Creating a Project Pages Site9:52 with Guil Hernandez
Learn how to host a Project Pages site on GitHub Pages. With Project Pages, each repository in your GitHub account can have its own website.
- Adding an existing project to GitHub using the command line
- Creating project pages manually
- Project Pages websites show up on the GitHub domain only if they're stored in a special 'gh-pages' branch of the project repository.
- The 'gh-pages' branch is for the GitHub pages website only; it's where you push any changes that you want to appear on your site.
- Project Pages sites are served under a subpath that matches a repository's name.
- The URL for a Project Pages website looks like this:
guilh.github.io/courses— the username, followed by the GitHub pages domain and the repository name.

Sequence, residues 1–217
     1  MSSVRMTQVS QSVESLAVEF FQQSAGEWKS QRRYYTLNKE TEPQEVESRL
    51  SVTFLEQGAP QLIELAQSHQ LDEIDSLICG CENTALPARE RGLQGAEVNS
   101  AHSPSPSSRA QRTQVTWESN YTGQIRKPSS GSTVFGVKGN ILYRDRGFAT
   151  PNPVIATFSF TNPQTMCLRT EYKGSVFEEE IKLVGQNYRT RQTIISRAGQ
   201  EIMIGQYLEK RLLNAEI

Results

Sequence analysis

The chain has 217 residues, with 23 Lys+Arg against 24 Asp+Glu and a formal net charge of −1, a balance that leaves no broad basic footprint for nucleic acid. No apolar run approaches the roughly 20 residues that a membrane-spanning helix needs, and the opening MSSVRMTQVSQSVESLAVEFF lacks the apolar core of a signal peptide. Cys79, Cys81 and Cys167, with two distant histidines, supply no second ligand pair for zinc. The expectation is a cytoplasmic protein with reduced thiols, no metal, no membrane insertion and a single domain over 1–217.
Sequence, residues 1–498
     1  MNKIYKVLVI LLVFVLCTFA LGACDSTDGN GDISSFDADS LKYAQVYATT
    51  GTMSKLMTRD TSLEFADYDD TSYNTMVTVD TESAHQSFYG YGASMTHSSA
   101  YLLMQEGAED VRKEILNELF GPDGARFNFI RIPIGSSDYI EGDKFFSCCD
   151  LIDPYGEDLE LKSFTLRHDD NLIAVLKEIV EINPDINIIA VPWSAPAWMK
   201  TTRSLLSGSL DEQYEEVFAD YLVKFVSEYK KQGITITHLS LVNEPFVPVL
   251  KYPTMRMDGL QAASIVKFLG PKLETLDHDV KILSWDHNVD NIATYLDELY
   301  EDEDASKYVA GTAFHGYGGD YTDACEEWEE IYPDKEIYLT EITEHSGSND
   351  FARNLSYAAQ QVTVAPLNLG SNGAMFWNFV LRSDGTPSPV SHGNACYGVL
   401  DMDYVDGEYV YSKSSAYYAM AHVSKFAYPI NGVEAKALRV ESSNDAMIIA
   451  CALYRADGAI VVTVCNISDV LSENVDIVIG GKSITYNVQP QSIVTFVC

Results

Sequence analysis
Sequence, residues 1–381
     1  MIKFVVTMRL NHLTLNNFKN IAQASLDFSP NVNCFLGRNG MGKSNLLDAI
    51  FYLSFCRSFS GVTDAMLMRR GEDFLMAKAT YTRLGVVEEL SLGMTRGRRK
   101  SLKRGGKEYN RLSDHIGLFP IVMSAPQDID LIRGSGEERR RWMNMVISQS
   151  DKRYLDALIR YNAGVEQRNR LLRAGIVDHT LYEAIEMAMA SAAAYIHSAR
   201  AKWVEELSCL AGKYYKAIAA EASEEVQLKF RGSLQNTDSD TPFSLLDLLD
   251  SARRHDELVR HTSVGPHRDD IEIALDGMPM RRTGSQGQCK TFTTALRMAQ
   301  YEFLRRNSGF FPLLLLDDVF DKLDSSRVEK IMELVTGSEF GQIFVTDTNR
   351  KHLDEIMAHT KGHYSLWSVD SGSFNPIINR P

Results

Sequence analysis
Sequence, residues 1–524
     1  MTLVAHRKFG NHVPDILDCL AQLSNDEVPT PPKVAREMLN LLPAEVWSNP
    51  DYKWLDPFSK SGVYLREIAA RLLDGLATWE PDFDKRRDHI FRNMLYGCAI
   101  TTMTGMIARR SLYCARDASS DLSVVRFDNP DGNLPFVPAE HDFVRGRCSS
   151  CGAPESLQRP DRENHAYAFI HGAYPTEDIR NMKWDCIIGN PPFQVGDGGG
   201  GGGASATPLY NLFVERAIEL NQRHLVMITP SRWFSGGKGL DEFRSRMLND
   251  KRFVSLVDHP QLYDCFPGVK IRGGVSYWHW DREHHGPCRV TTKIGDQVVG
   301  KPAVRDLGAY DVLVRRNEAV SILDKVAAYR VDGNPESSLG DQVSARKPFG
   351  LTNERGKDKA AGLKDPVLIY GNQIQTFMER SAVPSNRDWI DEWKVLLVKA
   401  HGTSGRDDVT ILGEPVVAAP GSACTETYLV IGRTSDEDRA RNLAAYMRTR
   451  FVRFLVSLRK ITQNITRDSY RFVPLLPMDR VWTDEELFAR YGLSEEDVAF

Before you can begin hosting your website with GitHub pages, you need to sign up for 0:00 a GitHub account. 0:04 It only takes a few minutes to sign up and it's free to use for public projects. 0:05 As you learned in the previous video, 0:09 each repository in your GitHub account can have its own website. 0:11 Those websites are called project pages. 0:14 To create a project pages website, we'll need to follow these four steps. 0:16 First, initialize a local repository for our site. 0:21 Then, add the repository to GitHub and 0:25 create a GitHub Pages branch in the repository. 0:27 Then, wait for GitHub Pages to build the site. 0:31 It usually takes no more than ten minutes. 0:33 All right, let's get started. 0:36 First, I'm going to teach you how to create a local git repository for 0:39 a project that's already on your computer. 0:43 To learn more about the git concepts and commands we're about to use, 0:45 be sure to check out the links in the teacher's notes. 0:48 So inside my computer's home directory I have a project folder named courses. 0:51 This is a simple web page I created that displays some of my recent front-end 0:57 courses on Treehouse. 1:01 So I want to create a local git repository for this project so 1:03 I can then host it on GitHub pages for free as a project pages site. 1:07 So at first, to initialize a new git repository on my computer, 1:13 I'm going to navigate to my courses project directory using the Mac terminal, 1:17 by typing the command cd courses. 1:22 Then I'll type the command, git init. 1:26 Now if you're on Windows, you can open the command prompt and type the same commands. 1:30 Or you can use GitBash, 1:34 a command line utility you can install when you install Git for Windows. 1:36 So the git init command creates a git repository on my computer for 1:40 the courses directory. 1:46 Now if I run the command get status 1:48 it lists all my project files as untracked files. 1:53 Untracked files are files that haven't been staged or 1:57 committed to the Git repository. 2:00 Git won't include these files in the repository unless we explicitly 2:02 tell it to do so. 2:06 Forget to start tracking these new files, I need to add them, 2:08 using the command git add followed by a period. 2:11 Once I hit Enter, it adds all the files in my directory to my staging area. 2:16 Now the staging area is where Git gathers any new or updated files in one place, 2:21 so that they're ready to go when I want to store them in my Git repository. 2:28 If I run git status again, I'm able to see that the new files are now tracked and 2:32 staged, so all the files listed in green are the actual files in staging. 2:38 So now, to commit these staged files to my local git repository, 2:44 I'll write the command git commit -m, and 2:49 as the commit message I'll type initial commit. 2:53 So now, all my new files are stored in my local repository on my computer only. 3:01 They're not connected to GitHub yet, 3:07 in fact, GitHub knows nothing about these files right now. 3:08 So, the first step to connecting this repository to GitHub is to create a new 3:12 repository on GitHub.com and this will be the remote repository. 3:16 In my GitHub account I'll click the repositories tab, 3:21 then I'll create a new repository. 3:25 And as the repository name I'll type courses. 3:29 So here's a helpful tip. 3:35 If you leave initialize this repository with a README unchecked, 3:36 when you click Create repository. 3:41 The next page will give you all the information you need to connect 3:44 your computer to this new remote repository, and push all your files to it. 3:47 So I wanna push an existing repository from the command line. 3:53 So if I copy these commands here and paste them in the terminal. 3:58 Once I hit enter, 4:06 Git pushes the files from my local repository to my remote GitHub repository. 4:07 So now if I click on my repository link, all my websites code 4:13 is up on get hub, associated with my local project folder and 4:18 my computer now knows about the GitHub repository. 4:23 Project pages websites show up on the GitHub domain 4:26 only if they're stored in a special branch of the project repository. 4:29 In Git, branches let you work on multiple versions of your code at one. 4:33 For example, you can have a main branch for your current website and another 4:38 branch to test out a new design or new features you're still experimenting with. 4:41 Right now I only have one branch in my repository, the master branch. 4:46 This is the main project branch so next I need to create a new branch for GitHub 4:50 pages and anything I push to that branch will appear in the GitHub.io domain. 4:55 So I'm gonna create the new branch on my computer first then push it to this 5:01 project page's repository. 5:06 To create the new branch I'm going to bring up the terminal and 5:08 type the command git checkout- b following by gh-pages. 5:14 When hosting project pages the branch needs to be named gh-pages or 5:20 your website will not display on GitHub pages. 5:26 So this command creates a new branch in my local repository named gh-pages and 5:29 switches to that branch. 5:35 So now if I run the command get branch. 5:38 It shows me that the new gh-pages branch is on my computer. 5:41 So now I have master and gh-pages. 5:45 And the start and green color tells me the branch I'm currently on which is gh-pages. 5:49 So when I created this new branch it made a copy 5:55 of all the files in the master branch. 5:58 So if I run the command LS it lists the directories and files inside the branch. 6:00 Now, the new gh-pages branch is on my local machine only. 6:08 I need to push up to GitHub using the git push command. 6:12 So, back in the terminal, I'll type git push origin gh-pages. 6:17 This not only pushes the files to GitHub, but it also creates a new gh-pages branch 6:28 with those files in the remote repository on GitHub. 6:33 So if I go back to my courses, GitHub repository and 6:36 click this branch drop-down menu, I'm only seeing the master branch. 6:40 But when I refresh the page, I'm able to see the new gh-pages branch. 6:45 So now, this new branch is for my GitHub page's website only. 6:54 It's where I need to push any changes that I want to appear on my site So once 6:59 you push the GH pages branch to GitHub, it starts building the GitHub page's website 7:05 and your website will be available to view on the GitHub page's domain, GitHub.io. 7:10 So as I mentioned earlier, it usually takes no longer than ten minutes to 7:15 view the site with the GitHub page's domain. 7:19 So let's try it out, 7:21 project pages sites are served under a sub path that matches a repository's name. 7:23 So, the URL for my website will look like this. 7:29 guih.github.io/courses. 7:32 So my user name followed by the GitHub pages domain and the repository name. 7:39 So great, it worked, my site's now hosted via GitHub pages. 7:46 So now what if you want to make changes to your project page's website 7:52 hosted on GitHub pages? 7:56 Well, making changes and pushing them up to GitHub pages is simple. 7:58 First, you make your changes in your local project repository, then you push those 8:02 changes to the gh-pages branch of your project pages repository. 8:06 So back in the terminal, if I run the command 8:11 git branch it tells me that I'm still on my gh-pages branch. 8:15 So, great, because this is where I want to make my changes. 8:19 So now I want to add a few new Treehouse workshops to my site. 8:22 So I'll open up my website project files in Sublime Text. 8:28 Then I'll simply paste in some new code that displays those new workshops. 8:32 Okay, so now I'm ready to publish these changes on GitHub Pages. 8:38 To view the latest changes on the GitHub domain, 8:43 I need to push them up to the gh-pages branch on GitHub. 8:46 So back in the terminal, if I run a git status, 8:50 I'm able to see the untracked changes in the project, so the index.html file. 8:55 So now I'll need to add these changes by typing git add followed by a period. 9:00 And now to commit the file, I'll type the command git commit -m. 9:07 And as the commit message, 9:15 I'll type add workshops. 9:20 Finally, to push these changes to the remote gh-pages branch, 9:24 I'll type the command git push origin gh-pages. 9:29 So, now in my gh-pages branch I can see that the latest changes were 9:37 just added to the repository. 9:42 So if I go back to my site and refresh the browser, great. 9:46 All my new changes show up. 9:51